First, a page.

Manual THE BOOKS OF IS: BOOK ONE: THE DANCE OF BECOMING

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Despite her mother's disapproval, Veda lives to dance. She shares in an apartment with her parents and her grandmother. Gram was widowed early and at a time when Indian women had a hard time working, she went back to school and became a teacher. Veda's parents bucked tradition, too. Her mother came from a wealthy family, but was disowned when she married someone from a different caste. Dad is a librarian, Mom works in a bank. They aren't rich, but are happy, even though Mom struggles with Veda's Despite her mother's disapproval, Veda lives to dance.

They aren't rich, but are happy, even though Mom struggles with Veda's love of dance, because she wants her to have a career as an engineer or something similar. Veda's riding home after winning a dance competition when a truck hits their van, killing the driver and crushing one of her legs below the knee so badly it has to be amputated. At first, Veda is devastated, unable to imagine life without dance. Two things happen that set her on a new and ultimately exciting path. Her grandmother tells her about Akka, a woman who was an amazing dancer, specializing in the same kind of dance as Veda was doing before the accident, but who focused on the spiritual aspect.

The second is the interest an American man takes in working with Veda to create an artificial limb that will be custom designed so she will be able to dance again. Her road back is anything, but easy. Veda has a crush on Jim, the American, and must deal with feelings of anger and embarrassment when she realizes her mistake. She is accepted by Akka, but has to start by dancing with little kids while she regains balance and flexibility.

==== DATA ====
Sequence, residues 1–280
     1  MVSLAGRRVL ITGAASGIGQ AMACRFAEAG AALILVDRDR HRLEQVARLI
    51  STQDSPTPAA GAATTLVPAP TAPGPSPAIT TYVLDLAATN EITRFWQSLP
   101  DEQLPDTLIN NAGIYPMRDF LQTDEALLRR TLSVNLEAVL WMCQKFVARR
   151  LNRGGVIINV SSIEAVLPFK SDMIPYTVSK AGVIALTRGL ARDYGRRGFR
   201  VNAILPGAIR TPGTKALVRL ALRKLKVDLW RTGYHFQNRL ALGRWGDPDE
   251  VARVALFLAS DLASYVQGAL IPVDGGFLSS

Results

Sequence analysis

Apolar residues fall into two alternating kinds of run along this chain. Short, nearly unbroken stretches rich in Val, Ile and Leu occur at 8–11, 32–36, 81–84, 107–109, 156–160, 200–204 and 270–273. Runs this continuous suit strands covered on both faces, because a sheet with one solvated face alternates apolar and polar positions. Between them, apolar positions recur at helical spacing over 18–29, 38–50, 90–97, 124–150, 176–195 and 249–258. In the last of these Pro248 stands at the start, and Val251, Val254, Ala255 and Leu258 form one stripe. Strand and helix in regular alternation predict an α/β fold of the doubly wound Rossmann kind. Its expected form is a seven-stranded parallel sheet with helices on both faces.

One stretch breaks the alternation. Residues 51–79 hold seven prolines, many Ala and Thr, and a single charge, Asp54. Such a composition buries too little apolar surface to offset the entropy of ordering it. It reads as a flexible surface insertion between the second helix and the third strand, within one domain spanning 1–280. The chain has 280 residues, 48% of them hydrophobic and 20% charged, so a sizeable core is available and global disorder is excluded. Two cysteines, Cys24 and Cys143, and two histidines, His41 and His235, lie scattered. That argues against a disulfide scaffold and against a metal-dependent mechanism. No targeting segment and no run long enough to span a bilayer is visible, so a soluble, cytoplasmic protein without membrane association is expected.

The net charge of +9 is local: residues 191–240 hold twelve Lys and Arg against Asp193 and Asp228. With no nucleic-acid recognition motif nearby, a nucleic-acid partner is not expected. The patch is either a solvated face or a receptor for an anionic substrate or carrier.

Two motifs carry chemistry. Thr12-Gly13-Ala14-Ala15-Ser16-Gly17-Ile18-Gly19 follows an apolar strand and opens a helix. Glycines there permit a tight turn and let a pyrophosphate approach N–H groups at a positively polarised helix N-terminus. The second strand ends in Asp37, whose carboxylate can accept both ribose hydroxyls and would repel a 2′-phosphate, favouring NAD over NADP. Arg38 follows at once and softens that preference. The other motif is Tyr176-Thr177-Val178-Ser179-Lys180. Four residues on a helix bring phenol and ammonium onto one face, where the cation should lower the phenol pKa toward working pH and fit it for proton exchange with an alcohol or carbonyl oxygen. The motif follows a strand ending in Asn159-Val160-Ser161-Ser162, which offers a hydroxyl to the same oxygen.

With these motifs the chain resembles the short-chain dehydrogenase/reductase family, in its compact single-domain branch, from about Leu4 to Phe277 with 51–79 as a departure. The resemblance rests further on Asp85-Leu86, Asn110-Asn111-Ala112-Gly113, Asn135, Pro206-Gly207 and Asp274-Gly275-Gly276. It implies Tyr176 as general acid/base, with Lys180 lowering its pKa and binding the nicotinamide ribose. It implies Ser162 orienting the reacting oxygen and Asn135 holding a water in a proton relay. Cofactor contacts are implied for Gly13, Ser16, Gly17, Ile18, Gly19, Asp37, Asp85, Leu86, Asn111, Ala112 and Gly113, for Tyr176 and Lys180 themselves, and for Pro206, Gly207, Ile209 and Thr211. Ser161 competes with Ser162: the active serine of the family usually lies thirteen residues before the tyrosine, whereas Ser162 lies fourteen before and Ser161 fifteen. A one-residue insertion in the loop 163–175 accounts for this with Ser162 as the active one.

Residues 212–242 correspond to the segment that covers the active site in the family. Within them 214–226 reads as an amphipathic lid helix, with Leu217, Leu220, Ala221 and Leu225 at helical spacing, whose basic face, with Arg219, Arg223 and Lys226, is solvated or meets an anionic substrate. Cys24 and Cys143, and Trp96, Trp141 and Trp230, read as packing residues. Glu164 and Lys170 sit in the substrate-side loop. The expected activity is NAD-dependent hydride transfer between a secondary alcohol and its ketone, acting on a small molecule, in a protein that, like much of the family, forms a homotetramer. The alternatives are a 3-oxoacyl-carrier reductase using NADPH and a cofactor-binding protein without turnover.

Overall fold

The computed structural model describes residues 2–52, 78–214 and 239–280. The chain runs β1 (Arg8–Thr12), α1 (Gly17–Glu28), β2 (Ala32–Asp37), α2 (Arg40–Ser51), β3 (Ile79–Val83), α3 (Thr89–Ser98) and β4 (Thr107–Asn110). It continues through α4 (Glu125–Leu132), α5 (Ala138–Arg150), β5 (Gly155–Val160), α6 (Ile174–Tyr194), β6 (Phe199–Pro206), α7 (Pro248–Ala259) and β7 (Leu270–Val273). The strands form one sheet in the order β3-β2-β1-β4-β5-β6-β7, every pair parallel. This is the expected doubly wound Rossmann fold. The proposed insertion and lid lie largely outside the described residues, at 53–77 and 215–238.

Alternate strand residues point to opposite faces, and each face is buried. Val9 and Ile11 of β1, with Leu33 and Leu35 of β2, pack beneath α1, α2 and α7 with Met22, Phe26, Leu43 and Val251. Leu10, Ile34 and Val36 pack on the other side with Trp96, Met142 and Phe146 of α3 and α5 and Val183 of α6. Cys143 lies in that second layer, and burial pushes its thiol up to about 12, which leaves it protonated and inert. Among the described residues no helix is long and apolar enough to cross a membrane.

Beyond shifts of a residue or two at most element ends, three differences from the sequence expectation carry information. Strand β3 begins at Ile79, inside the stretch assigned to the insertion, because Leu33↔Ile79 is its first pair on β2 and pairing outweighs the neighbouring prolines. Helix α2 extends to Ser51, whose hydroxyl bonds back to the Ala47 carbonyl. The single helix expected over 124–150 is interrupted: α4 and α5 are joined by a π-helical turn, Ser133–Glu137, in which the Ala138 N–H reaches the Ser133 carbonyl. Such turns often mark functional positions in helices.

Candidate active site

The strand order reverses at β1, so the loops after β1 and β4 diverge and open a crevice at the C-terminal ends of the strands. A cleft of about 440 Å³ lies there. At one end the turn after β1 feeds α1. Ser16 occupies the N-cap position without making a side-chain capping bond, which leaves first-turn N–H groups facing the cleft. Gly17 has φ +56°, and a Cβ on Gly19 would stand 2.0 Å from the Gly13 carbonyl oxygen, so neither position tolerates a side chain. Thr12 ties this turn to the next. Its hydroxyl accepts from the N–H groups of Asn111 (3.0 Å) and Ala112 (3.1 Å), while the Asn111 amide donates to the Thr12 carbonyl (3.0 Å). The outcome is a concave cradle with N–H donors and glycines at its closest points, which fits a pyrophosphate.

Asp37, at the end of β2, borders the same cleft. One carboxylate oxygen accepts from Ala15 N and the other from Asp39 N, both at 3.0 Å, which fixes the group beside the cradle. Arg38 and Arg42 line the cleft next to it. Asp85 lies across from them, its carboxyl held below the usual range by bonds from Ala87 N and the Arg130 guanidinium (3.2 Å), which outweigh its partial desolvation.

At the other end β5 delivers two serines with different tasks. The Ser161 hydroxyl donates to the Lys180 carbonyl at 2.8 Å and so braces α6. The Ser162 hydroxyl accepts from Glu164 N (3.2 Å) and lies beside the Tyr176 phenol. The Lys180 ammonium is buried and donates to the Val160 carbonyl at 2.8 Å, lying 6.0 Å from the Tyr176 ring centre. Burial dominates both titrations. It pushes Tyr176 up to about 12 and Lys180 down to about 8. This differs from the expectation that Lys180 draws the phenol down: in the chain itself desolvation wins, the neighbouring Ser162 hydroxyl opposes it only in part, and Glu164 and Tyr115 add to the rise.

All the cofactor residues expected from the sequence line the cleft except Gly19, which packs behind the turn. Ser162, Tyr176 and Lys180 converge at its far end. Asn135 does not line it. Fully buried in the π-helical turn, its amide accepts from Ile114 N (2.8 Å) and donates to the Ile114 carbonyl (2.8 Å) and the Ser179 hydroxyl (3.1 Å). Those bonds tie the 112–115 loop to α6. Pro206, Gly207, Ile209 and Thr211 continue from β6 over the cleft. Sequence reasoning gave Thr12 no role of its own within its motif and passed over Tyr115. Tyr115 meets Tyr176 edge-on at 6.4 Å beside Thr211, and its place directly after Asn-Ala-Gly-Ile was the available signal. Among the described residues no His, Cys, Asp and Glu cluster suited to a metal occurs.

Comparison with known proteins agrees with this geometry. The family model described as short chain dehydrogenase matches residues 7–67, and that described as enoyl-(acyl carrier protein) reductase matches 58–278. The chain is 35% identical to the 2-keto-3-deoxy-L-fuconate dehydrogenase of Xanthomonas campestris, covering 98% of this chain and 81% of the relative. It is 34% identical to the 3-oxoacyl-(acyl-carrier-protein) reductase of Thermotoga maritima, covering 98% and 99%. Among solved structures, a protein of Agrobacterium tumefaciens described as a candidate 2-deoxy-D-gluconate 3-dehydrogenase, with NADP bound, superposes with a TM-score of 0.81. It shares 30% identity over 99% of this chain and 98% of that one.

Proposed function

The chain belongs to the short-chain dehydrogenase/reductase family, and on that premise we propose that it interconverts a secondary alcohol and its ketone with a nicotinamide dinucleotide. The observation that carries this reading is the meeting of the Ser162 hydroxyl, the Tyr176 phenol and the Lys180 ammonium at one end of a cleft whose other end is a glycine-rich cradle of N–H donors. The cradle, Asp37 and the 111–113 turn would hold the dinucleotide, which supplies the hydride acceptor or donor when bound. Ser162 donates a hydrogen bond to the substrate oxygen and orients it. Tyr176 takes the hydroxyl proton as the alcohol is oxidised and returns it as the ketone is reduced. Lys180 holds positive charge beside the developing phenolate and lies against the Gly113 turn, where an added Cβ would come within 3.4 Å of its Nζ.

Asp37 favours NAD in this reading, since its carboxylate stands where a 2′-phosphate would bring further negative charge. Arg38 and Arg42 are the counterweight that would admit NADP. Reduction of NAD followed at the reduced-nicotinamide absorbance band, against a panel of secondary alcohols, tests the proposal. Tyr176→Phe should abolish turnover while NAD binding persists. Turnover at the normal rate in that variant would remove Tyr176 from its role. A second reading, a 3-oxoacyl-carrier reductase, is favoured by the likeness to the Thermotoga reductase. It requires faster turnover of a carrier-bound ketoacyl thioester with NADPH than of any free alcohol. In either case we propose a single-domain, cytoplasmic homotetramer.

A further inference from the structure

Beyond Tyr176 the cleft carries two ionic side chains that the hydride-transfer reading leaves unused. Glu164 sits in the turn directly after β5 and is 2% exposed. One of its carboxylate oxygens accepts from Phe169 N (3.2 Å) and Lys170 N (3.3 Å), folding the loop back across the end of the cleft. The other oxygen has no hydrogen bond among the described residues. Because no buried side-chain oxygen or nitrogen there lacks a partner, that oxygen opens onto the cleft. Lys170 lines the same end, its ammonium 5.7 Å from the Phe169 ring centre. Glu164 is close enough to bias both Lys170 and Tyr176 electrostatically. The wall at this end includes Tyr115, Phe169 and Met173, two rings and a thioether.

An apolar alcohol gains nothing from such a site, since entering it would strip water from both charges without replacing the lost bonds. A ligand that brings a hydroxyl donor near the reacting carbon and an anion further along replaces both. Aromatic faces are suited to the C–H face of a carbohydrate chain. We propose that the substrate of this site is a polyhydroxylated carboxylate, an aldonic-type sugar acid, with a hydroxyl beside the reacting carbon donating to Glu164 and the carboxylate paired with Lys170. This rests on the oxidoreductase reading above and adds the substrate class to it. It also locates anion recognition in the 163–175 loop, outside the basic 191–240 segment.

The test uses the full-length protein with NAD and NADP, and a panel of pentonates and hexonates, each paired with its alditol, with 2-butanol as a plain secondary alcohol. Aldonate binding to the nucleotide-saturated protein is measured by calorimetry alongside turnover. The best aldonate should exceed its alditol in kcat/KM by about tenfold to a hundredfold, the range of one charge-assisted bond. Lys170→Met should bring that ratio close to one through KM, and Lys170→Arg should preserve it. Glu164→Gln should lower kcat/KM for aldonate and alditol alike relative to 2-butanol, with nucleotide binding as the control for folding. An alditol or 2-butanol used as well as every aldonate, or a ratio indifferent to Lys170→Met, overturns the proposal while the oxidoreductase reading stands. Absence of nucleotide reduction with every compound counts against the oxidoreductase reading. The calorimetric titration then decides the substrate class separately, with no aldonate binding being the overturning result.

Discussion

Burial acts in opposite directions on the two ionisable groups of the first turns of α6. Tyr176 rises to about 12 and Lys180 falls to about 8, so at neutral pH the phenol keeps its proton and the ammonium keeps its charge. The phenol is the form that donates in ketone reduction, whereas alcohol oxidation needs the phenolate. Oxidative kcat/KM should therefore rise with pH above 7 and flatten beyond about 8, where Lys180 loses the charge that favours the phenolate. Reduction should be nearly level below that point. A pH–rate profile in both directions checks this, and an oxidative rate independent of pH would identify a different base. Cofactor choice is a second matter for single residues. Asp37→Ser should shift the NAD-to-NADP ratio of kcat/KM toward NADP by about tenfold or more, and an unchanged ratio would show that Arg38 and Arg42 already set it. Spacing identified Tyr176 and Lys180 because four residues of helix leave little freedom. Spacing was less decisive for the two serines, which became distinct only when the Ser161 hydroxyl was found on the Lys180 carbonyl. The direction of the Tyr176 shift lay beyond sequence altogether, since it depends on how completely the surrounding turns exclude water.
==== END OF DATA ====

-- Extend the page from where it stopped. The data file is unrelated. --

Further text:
Her chagrin is tempered by the interest and spirituality of Govinda, the boy who is about her age and teaches her class. As the story moves to its conclusion, Veda must come to grips with a completely new way of dancing, how to look at her world and those in it through fresh eyes, the loss of a loved one and the difficulty of waiting for someone she cares about a lot, working through his own fears and need to be strong in the face of other's expectations.

This is a wonderful book for younger teens. Those interested in other cultures, spirituality and dealing with loss and having to make a major life change will certainly like this book. It's an excellent choice for both school and public libraries.

Jan 03, Emily Knapp rated it it was amazing. In the heart-warming book A Time To Dance, written by Padma Venkatraman, a young girl is forced to relearn the Indian dance bharatanatyam. Veda has worked on her dancing skills for a long time, and she finally won a competition, but shortly after she encounters an accidents that causes her to become a below-knee amputee.

Veda has to work hard to relearn bharatanatyam, but she is willing to do that even if it means finding a different meaning to dance. I loved this book for many reasons, and one In the heart-warming book A Time To Dance, written by Padma Venkatraman, a young girl is forced to relearn the Indian dance bharatanatyam. I loved this book for many reasons, and one was that it was fast to read. It was written like poetry, so I flew through it. That also made the book unique.

Although this book is fiction, the story was inspired by other dancers that had physical disabilities. This book made me feel grateful for my body and the fact that I never had to relearn what I love. She went from being a champion bharatanatyam dancer to having to dance with beginners in order to dance again. It also made me think about how much passion Veda had for dance and how hard she would have had to work to be able to do what she did. This book was packed with great life-lessons, but one that stood out to me is to never give up. Veda lost her leg and had to learn to walk with it so that she could dance with it.

Jun 06, Liviania rated it it was amazing. Veda is a Bharatanatyam dancer in Chennai who has just won an important competition, one that could maybe convince her parents that she's serious about becoming a professional dancer. A car wreck on the way home destroys her foot, and her leg is amputated below the knee. Veda struggles to recover when she's offered the chance to join a medical trial and get an advanced prosthetic. I know the barest bit of Bharatanatyam from my lessons on South Indian music. Author Padma Venkatraman allowed me to Veda is a Bharatanatyam dancer in Chennai who has just won an important competition, one that could maybe convince her parents that she's serious about becoming a professional dancer.